You know who they are.
In a time when Halloween as a neighborhood event seems to be slipping in popularity, these are the folks who are keeping the tradition alive. Some of them create a whole haunted experience in their yards and sheds. Some carve and display multiple or elaborate Jack-O-Lanterns. Others are less flashy but equally enthusiastic. Maybe they have an elegant little display and give out the very best treats. Maybe — because trick-or-treaters don’t visit the area where they live — they do other things to celebrate the holiday. They throw a party. Or volunteer at a church or school or retirement home.
Don’t you think it’s time that we — the true Halloween lovers of the world — start showing our gratitude? Here’s one (kind of elaborate) way to do it, but feel free to pick and choose from these elements to enhance your Halloween celebrations.
TWISTED DING DONG DITCH:
Last year, my daughter, Pooka, came from North Carolina to Minnesota for much of the Halloween season. While talking before her arrival, she and I were mourning the fact that The Boy is no longer young enough for us to take him trick or treating. (Pooka’s trick or treating years were extended by the 10 year age difference between her and her brother.) Over the course of several late-night instant messaging sessions, we came up with a substitute. We decided to reward households that did a nice job with their outdoor decorations. She designed a limited edition button. I decided we needed a poem. (But she mostly wrote it, because I suck at poetry.)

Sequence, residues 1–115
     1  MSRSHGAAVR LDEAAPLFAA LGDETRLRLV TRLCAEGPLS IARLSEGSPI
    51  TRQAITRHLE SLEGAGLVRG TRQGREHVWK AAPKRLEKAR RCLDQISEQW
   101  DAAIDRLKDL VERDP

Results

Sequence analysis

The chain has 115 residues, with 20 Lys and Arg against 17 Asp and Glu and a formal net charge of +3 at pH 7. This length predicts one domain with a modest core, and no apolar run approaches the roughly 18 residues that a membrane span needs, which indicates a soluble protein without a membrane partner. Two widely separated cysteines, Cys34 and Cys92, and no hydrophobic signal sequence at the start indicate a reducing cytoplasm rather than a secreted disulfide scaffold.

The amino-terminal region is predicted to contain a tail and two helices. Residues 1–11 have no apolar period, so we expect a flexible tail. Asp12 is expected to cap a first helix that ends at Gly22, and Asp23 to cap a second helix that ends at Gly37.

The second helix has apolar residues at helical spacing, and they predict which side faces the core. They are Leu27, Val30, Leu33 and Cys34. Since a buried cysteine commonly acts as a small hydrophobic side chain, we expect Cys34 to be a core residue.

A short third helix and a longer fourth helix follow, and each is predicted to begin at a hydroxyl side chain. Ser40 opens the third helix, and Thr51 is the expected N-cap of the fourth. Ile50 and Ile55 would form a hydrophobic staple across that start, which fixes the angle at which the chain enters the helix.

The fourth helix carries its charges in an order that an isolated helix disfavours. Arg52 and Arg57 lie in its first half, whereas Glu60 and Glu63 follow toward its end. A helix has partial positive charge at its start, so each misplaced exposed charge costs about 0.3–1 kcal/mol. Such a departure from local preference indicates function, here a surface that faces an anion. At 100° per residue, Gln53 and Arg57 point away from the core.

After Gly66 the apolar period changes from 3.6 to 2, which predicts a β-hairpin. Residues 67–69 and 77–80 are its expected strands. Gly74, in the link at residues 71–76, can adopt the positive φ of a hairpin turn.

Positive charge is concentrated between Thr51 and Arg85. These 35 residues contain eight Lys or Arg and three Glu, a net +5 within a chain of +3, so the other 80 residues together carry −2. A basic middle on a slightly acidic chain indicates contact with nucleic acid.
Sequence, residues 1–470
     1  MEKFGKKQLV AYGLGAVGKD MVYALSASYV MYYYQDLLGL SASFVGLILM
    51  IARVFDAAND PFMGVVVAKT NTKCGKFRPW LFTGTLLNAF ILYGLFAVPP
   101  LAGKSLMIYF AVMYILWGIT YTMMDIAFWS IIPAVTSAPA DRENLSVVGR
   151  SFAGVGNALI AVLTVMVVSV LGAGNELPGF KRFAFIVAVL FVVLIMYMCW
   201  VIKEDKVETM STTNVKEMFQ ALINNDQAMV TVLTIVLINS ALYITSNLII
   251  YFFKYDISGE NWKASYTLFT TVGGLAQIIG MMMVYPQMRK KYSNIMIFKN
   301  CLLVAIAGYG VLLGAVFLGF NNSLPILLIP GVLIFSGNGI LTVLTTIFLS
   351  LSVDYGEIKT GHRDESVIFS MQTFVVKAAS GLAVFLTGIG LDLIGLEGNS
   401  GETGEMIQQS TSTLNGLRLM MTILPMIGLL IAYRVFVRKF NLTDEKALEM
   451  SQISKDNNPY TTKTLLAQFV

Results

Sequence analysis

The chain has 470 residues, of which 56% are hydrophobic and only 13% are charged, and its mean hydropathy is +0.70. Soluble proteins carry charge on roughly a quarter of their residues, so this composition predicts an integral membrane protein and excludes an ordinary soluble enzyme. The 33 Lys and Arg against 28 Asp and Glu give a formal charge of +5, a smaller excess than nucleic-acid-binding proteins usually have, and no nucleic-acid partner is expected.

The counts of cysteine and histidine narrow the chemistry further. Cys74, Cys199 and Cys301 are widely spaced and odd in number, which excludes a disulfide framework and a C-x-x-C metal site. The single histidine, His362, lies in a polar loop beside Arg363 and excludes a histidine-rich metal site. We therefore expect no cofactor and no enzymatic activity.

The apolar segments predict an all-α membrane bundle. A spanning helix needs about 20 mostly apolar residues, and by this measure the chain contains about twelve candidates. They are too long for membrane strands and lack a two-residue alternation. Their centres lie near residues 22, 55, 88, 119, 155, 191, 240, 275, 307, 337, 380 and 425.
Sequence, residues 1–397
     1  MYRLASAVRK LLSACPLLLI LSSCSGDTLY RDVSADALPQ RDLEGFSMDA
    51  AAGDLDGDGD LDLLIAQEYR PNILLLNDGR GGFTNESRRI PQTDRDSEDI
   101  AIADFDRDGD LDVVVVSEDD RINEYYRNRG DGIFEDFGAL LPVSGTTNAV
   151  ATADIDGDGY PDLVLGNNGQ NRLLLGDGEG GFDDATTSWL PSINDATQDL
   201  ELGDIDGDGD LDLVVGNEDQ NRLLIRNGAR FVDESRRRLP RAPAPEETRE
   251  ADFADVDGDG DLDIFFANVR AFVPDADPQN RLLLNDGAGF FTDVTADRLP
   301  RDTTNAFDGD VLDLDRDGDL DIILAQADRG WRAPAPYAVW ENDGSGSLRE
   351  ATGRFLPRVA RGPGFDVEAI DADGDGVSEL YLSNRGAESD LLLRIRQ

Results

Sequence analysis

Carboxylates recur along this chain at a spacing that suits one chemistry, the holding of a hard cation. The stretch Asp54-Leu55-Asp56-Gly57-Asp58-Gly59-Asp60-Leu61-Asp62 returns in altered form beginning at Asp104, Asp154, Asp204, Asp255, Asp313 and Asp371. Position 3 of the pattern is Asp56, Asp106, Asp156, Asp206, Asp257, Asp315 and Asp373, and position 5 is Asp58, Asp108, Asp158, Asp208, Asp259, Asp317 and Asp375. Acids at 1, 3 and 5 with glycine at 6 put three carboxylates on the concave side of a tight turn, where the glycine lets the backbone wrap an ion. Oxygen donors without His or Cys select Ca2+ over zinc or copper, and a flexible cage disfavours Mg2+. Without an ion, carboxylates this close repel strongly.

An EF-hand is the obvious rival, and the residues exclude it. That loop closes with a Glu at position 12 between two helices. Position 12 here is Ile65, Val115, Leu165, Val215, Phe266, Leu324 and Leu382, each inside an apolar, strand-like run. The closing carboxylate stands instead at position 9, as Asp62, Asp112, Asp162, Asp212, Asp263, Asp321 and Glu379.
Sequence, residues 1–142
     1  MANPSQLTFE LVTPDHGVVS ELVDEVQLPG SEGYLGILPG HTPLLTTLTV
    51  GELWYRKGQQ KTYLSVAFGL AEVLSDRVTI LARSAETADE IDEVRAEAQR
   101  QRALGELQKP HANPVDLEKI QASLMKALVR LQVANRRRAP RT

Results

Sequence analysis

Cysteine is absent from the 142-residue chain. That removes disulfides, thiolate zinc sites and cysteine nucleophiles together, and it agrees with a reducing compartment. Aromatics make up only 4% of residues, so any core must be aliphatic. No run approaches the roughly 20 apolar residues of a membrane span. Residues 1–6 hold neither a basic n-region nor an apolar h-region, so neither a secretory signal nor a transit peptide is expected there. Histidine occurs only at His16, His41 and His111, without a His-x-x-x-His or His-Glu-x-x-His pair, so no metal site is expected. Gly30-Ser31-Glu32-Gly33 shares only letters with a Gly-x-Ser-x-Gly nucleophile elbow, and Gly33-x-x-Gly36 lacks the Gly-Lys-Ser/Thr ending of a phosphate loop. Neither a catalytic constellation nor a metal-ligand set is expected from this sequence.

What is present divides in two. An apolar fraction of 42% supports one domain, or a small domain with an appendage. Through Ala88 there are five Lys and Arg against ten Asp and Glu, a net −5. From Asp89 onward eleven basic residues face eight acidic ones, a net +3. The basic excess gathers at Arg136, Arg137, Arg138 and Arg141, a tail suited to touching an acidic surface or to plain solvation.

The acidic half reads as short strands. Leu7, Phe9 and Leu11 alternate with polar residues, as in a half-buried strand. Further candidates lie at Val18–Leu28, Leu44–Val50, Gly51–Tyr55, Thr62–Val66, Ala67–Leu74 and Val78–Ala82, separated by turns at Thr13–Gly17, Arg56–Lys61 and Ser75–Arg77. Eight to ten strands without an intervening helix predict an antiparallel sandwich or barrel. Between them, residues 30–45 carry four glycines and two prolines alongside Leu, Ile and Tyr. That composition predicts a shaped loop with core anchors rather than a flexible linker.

We’re past the age for treats and tricks.
No TP rolls, nor eggs to pitch.
The giving urge trumps prankster itch.
And so our twisted ding dong ditch!
After she arrived in Minnesota, between other events, we crafted several of these:
HOW TO MAKE A TWISTED DING DONG DITCH TREE:
When I was thinking about the game ding-dong-ditch (which I never played as a child, btw) I kept envisioning a flaming paper bag full of, well, you know. I was determined to find a prize format that would be a little reminiscent of that, and this paper bag tree fit the bill nicely.
- 1) weight the bottom of the lunch-size, brown paper bag with a variety of fun-sized treats
- 2) flatten the bag again and cut strips from the bag opening to the base, as shown above
- 3) open the bag carefully, gather all the strips at the very bottom, and start twisting them together tightly to create the trunk
- 4) after the trunk is formed, separate the strips into 3-5 sets which will become the main branches
- 5) twist one set of strips at a time to form branches
- 6) a main branch can be further divided to end in 2-3 smaller branches if desired
- 7) add stickers (found at a craft or dollar store) to emphasize the “treeness” of your creation
- 8) (optional) hang or pin a Halloween Hero button to a branch (see below)
- 9) DO NOT set fire to it, no matter how tempting it is
The key to making this project work is to twist the trunk and branches tightly. It can be a little tiring for the hands, but it’s mindless enough that you can do it while watching a Halloween movie or a great old horror classic.
To deliver our goodies, we wanted to wear costumes that were nostalgic and harmless. When we found a GIANT plastic trick-or-treat bucket, in the classic shape of a Jack-O-Lantern, we were reminded of the old-fashioned ghost costume.
The night before our adventure, we found some old sheets. We cut large holes out for the eyes and lined the holes with some sheer black fabric I had around the house.
The “kids” (18 & 27) put on the darkest pants they had, and draped themselves in ghost-sheets. We pinned a big bow to the head of Pooka’s ghost. Then we went out into the night armed with a pumpkin bucket filled with 13 little trees.
I drove around the neighborhood and we pulled over whenever we saw Halloween decorations we appreciated. Some of the displays were elaborate; some were simply charming and elegant. Here’s a shot of the kids running up to a door.
TIPS FOR PLAYING TWISTED DING DONG DITCH: